(c) would represent an amount of zero, e.g., receive 3 candy bars and give away 3 candy bars leaves no change in the amount of candy bars.
In other words, two chips of opposite color cancel each other out, so both chips can be removed. This example illustrates the property that 1 + (–1) = –1 + 1 = 0.
Symbolize each problem and illustrate with the chip model.
Sandy has a score of five points in the hole in the card game.
Solution
The charge on three protons.
Solution
Proton - Wikipedia
We generalize the relationship where opposites of the same absolute value cancel each other out. We further illustrate with examples with both models.
3 + (–3) = 0 |
–5 + 5 = 0 |
Beginning at zero, in the measurement model, a move of three units to the right followed by three units to the left brings us back to zero. |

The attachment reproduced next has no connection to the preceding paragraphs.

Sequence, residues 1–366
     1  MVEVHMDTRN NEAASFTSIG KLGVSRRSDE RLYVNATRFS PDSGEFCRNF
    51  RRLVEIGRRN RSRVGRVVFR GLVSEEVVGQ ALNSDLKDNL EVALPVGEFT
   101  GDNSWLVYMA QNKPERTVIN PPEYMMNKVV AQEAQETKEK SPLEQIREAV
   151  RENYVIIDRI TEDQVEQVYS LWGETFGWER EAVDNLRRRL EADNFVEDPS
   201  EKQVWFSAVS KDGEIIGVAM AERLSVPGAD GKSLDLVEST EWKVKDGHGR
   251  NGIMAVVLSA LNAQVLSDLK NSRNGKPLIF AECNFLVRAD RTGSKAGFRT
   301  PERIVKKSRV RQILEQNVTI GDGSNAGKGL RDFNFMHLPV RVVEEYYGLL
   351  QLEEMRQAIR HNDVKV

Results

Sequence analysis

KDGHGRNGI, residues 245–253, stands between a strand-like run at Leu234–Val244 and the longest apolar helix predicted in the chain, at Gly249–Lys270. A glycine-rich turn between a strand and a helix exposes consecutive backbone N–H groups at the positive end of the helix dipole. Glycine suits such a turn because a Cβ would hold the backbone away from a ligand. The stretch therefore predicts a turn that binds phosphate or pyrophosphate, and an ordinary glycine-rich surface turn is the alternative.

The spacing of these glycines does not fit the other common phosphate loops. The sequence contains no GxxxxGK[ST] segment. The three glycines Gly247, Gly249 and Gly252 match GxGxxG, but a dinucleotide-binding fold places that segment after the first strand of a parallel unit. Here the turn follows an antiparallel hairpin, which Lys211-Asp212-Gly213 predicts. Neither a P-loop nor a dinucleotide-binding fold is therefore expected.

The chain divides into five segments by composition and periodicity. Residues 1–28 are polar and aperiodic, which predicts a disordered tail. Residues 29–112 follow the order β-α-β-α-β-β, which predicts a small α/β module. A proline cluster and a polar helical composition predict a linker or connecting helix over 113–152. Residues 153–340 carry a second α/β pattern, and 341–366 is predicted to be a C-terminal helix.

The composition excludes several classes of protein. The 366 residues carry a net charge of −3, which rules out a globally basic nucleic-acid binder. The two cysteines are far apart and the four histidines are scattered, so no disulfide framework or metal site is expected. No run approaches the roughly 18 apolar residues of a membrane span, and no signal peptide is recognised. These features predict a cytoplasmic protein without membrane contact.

Beginning at zero, in the measurement model, a move of five units to the left followed by five units to the right brings us back to zero. |
We notice that the result of combining a number and its opposite is zero. This motivates the following formal definition.
Additive Inverse: For every integer n, there is a unique integer m such that n + m = m + n = 0.
The integer m is called the additive inverse of n.
This property of integers is called the inverse property for integer addition.
Examples: Find the additive inverse for each of the following integers.
Integer |
7 |
–5 |
–13 |
29 |
0 |
Additive Inverse |
Inverse |
Inverse |
Inverse |
Inverse |
Inverse |
If we consider the negative sign as representing the opposite, the above example illustrates that –(–5) = 5 and –(7) = –7, i.e. the opposite of an integer is equivalent to the additive inverse of the integer. This relationship allows us to give an algebraic definition for absolute value.
Algebraic Definition of Absolute Value:The absolute value of a is defined by .